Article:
Common features in many adult J1ECKO animals were macroscopic aberrations in heart morphology, including thin or disorganized coronary vessels (Fig. 2A, arrowheads), dilation noted near the apex of the heart (Fig. 2A, arrows) and abnormal positioning of the aorta and pulmonary trunk (not shown). Echocardiographic evaluations of a sampling of adult mice showed that J1ECKO mice had increased systolic blood velocity with severe regurgitation at the pulmonic valve, compared with Cre-negative littermates, indicating valve stenosis (Fig. 2B, white arrows). Mutants also exhibited significant increases in right ventricle area and had right atrial and ventricular hypertrophy, noted with the use of cardiac micro-computed tomography (μCT) imaging (Fig. 2B,C). Thickening of the right ventricular wall was probably a compensation due to the increased pressure load of the right ventricle caused by pulmonary outflow tract narrowing or defective valves, common in AGS patients (McElhinney et al., 2002; Otto, 2009). Additionally, μCT imaging revealed greater density and excessive branching of coronary vessels in many of the J1ECKO hearts (Fig. 2D,E), as would be expected for a Notch loss-of-function phenotype, even though the data did not reach significance.
Embryonic and neonatal cardiac defects in J1ECKO mice
Evaluation of J1ECKO hearts from embryos and neonates was also consistent with AGS-related cardiac defects, including many hallmarks of tetralogy of Fallot (TOF): VSDs, overriding aorta and right ventricular hypertrophy, as well as valve pathology (Table 1; Fig. 3). Upon gross evaluation, the morphology of neonatal J1ECKO hearts was often striking, with anomalies in the structure (Fig. 3A, arrows) and patterning of the coronary vasculature, including fragility and hemorrhaging (Fig. 3A, arrowheads), as well as outflow tract defects (Fig. 3B, dotted lines).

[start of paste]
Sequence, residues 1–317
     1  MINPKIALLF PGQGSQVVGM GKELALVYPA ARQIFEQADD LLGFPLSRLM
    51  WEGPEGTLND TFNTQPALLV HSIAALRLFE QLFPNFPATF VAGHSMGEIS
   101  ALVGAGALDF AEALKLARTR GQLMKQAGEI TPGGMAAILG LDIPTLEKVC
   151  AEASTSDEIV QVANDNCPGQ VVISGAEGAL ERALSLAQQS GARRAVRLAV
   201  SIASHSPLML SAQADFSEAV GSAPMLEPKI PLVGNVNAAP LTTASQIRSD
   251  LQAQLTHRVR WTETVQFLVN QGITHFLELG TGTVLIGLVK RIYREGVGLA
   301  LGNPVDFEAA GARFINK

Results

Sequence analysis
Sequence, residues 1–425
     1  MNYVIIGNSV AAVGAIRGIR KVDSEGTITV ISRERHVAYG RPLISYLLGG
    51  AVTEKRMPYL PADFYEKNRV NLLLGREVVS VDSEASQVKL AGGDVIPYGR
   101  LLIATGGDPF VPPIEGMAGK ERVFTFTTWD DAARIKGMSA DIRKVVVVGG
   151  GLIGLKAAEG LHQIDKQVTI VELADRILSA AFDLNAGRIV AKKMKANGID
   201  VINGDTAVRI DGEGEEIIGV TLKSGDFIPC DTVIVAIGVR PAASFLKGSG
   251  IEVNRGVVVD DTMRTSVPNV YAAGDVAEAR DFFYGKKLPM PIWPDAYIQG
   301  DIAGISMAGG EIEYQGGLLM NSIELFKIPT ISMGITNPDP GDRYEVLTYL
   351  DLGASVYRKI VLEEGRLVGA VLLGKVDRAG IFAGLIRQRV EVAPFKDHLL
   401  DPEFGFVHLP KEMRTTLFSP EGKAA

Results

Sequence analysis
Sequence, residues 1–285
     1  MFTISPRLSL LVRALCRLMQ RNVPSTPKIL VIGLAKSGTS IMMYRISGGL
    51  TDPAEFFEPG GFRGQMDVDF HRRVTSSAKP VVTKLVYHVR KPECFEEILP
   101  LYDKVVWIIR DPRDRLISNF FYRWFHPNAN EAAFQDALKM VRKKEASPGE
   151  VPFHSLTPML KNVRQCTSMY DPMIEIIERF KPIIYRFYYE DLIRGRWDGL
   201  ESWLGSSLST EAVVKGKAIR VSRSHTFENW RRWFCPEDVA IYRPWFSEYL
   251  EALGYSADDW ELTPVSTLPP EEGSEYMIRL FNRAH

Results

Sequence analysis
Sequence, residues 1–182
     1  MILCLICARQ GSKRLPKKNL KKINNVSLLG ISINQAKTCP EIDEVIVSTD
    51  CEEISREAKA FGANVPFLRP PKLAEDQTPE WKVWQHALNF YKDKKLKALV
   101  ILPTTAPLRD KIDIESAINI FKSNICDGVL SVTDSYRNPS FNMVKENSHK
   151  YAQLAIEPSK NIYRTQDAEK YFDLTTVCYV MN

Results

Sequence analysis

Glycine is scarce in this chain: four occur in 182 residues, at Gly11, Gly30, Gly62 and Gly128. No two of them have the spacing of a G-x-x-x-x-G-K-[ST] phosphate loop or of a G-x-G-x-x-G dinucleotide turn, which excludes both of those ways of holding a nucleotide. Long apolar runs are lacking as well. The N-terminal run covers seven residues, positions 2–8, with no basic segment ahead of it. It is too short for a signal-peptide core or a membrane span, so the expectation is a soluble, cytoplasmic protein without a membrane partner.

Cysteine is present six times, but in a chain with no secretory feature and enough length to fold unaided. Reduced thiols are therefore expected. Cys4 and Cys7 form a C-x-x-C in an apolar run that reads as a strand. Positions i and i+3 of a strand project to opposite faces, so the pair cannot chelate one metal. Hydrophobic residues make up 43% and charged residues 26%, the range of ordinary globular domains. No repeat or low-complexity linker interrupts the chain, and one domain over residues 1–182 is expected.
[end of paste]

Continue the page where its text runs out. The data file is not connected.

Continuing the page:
Histological analysis revealed VSDs (Fig. 3C,D, arrows) and large, hyperplastic (myxomatous) valves in J1ECKO mice (Fig. 3C, asterisk). The ventricular septum of mice typically divides the ventricles at E13.5; however, examination of embryonic J1ECKO hearts showed an incomplete septum at E14.5 (Fig. 3D, arrow). Bulges near the valve annulus were seen in some neonatal J1ECKO mice with otherwise normal valve leaflet development (Fig. 3E, arrow). Macroscopic analysis of 46 embryonic or neonatal J1ECKO mice showed that one or more cardiac abnormalities were present in 47.8% of the mice evaluated, with overriding aorta being the most common defect (Table 1).
Defects in endocardial cushion formation in J1ECKO and N1ECKO mice